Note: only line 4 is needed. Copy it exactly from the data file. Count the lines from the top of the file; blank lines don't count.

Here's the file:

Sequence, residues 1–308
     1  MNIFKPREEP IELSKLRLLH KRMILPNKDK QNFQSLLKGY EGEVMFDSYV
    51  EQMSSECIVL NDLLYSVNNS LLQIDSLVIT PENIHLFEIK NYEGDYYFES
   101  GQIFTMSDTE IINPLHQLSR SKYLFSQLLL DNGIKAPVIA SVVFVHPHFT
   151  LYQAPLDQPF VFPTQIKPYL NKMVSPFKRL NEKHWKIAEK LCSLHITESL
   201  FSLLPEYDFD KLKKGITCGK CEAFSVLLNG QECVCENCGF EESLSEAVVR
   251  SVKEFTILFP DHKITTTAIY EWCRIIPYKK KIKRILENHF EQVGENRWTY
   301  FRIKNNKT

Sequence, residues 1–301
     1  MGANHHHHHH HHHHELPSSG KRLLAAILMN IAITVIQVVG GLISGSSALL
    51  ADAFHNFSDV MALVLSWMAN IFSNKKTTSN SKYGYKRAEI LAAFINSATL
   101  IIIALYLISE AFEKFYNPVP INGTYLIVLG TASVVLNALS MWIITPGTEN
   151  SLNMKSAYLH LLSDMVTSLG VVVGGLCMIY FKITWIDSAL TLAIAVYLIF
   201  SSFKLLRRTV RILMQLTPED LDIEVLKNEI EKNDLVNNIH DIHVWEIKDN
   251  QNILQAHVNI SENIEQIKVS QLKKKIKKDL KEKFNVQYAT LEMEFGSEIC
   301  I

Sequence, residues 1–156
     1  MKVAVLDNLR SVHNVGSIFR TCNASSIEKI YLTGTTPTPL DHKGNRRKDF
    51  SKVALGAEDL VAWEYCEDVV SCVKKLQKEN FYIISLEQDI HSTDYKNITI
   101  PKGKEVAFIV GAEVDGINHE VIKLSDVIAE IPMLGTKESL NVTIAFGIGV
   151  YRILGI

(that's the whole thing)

   101  GQIFTMSDTE IINPLHQLSR SKYLFSQLLL DNGIKAPVIA SVVFVHPHFT